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Starbucks executive chairman Howard Schultz: Cutting the corporate tax rate would be ‘a mistake’ without complete reform

Stephen Brashear/Getty Images
Stephen Brashear/Getty Images

(NEW YORK) — Starbucks’ executive chairman, Howard Schultz, said lowering the U.S. corporate tax rate from 35 percent to 20 percent would “a mistake” without overhauling the entire tax system.

“You can’t have a corporate tax cut without having a transformation in complete tax reform. And if there’s going to be a corporate tax cut that is going to add to the national debt … then I think it’s a mistake,” he told ABC News’ Rebecca Jarvis.

Starbucks paid an effective tax rate of 34.3 percent in the company’s fiscal third quarter.

In addition to cutting corporate tax rates, President Trump’s proposed tax plan would reduce the number of personal income tax brackets from seven to three and nearly double the standard deduction for individuals and married couples. In an effort to promote his tax overhaul, Trump will give a speech today in Pennsylvania to an audience consisting mostly of truckers, whom the president said the proposed changes would benefit.
If the proposed corporate tax cuts take effect, Schultz said, employees should be the ones to benefit.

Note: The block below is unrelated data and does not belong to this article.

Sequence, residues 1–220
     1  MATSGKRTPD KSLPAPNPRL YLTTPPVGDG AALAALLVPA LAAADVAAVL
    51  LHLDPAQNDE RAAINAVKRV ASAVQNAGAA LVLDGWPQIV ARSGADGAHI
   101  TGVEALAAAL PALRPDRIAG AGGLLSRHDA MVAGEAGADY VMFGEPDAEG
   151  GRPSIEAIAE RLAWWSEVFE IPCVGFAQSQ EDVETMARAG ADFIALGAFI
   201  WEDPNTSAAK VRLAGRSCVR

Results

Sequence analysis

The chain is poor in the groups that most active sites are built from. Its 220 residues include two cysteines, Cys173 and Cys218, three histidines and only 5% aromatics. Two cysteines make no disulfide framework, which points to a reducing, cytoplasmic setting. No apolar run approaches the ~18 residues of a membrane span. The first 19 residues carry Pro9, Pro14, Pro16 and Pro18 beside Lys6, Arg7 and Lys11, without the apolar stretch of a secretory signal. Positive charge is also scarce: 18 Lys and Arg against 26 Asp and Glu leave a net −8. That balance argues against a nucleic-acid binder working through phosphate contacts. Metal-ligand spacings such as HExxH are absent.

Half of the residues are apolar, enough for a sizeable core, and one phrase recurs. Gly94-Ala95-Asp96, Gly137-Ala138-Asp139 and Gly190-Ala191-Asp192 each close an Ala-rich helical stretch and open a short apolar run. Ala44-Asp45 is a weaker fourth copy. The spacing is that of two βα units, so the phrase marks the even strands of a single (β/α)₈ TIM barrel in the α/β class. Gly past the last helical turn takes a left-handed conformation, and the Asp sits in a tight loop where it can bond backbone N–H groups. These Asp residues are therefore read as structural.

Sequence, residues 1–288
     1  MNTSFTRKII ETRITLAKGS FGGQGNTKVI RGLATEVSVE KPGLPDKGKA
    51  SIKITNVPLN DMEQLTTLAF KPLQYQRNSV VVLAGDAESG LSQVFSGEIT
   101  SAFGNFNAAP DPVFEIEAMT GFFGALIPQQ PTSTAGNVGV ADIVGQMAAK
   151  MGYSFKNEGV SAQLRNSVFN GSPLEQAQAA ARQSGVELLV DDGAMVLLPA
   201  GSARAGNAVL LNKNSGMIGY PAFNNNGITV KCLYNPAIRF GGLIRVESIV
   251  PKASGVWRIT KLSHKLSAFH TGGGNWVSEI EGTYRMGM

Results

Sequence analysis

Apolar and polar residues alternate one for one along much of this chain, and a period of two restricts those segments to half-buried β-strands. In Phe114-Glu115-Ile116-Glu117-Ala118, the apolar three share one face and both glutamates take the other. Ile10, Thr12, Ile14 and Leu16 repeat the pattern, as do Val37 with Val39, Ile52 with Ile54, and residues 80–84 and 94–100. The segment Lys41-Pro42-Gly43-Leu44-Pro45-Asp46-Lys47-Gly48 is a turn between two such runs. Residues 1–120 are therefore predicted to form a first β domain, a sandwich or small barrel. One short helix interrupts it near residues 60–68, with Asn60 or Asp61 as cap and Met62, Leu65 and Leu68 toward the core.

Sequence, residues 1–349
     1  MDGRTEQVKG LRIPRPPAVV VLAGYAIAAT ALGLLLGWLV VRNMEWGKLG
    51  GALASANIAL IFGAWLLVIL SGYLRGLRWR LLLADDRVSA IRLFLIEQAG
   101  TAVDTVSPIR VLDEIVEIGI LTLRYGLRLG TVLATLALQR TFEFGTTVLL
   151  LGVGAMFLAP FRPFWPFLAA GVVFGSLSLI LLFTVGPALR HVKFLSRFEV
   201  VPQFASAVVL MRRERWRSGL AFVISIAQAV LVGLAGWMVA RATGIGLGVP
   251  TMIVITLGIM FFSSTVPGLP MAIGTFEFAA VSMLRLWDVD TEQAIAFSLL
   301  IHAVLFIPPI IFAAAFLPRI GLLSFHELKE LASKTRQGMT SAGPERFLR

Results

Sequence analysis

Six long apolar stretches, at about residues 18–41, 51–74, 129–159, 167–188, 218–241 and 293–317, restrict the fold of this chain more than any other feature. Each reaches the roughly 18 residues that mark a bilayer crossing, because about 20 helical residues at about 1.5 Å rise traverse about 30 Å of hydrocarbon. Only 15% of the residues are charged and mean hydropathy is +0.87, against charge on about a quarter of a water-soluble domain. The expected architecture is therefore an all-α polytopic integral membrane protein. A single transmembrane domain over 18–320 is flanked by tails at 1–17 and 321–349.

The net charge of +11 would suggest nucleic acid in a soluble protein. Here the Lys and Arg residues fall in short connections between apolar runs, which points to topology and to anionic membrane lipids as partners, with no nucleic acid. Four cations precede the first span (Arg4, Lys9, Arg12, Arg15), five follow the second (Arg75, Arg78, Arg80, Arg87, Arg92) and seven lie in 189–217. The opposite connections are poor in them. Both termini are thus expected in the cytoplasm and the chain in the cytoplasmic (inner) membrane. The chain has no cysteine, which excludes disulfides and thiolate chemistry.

“I would hope that [businesses] would use it in ways that would advance their employees, to work what we need to do at our communities and building a better society,” he noted.

He said this is what Starbucks would do.

He also argued that corporate profits as a result of tax cuts will not “advance the economic issues of inequality in America” and cautioned that “the current level of enthusiasm and optimism that exists in the stock market today, in my view, is not a proxy for the U.S. economy.”

Schultz, who was the first in his family to graduate college, stepped down as Starbucks’ CEO earlier this year, with many speculating that he would pursue a career in politics.

“I think about politics, but I have no intention of running for public office. I think about politics because I’m concerned about the need that we have for true, authentic leadership in the country,” Schultz told Jarvis.

He continued, “I feel like I’m in the best possible position right now to do the things I’m doing.”

Right now he’s focused on content. His latest project is “Upstanders,” a Starbucks original series that features “ordinary people doing extraordinary things,” he explained. Schultz produced and wrote the series with Rajiv Chandrasekaran, a senior vice president of Starbucks and a former Washington Post senior editor.

Season 2 features 11 stories of people displaying acts of “courage and humanity.” Schultz believes viewers are drawn to the compassion and authenticity of the people featured in the series.

“There’s no Starbucks advertising. There’s no Starbucks placement. It’s not about marketing. It’s not about selling more coffee. It’s really about just telling the American story,” Schultz said.

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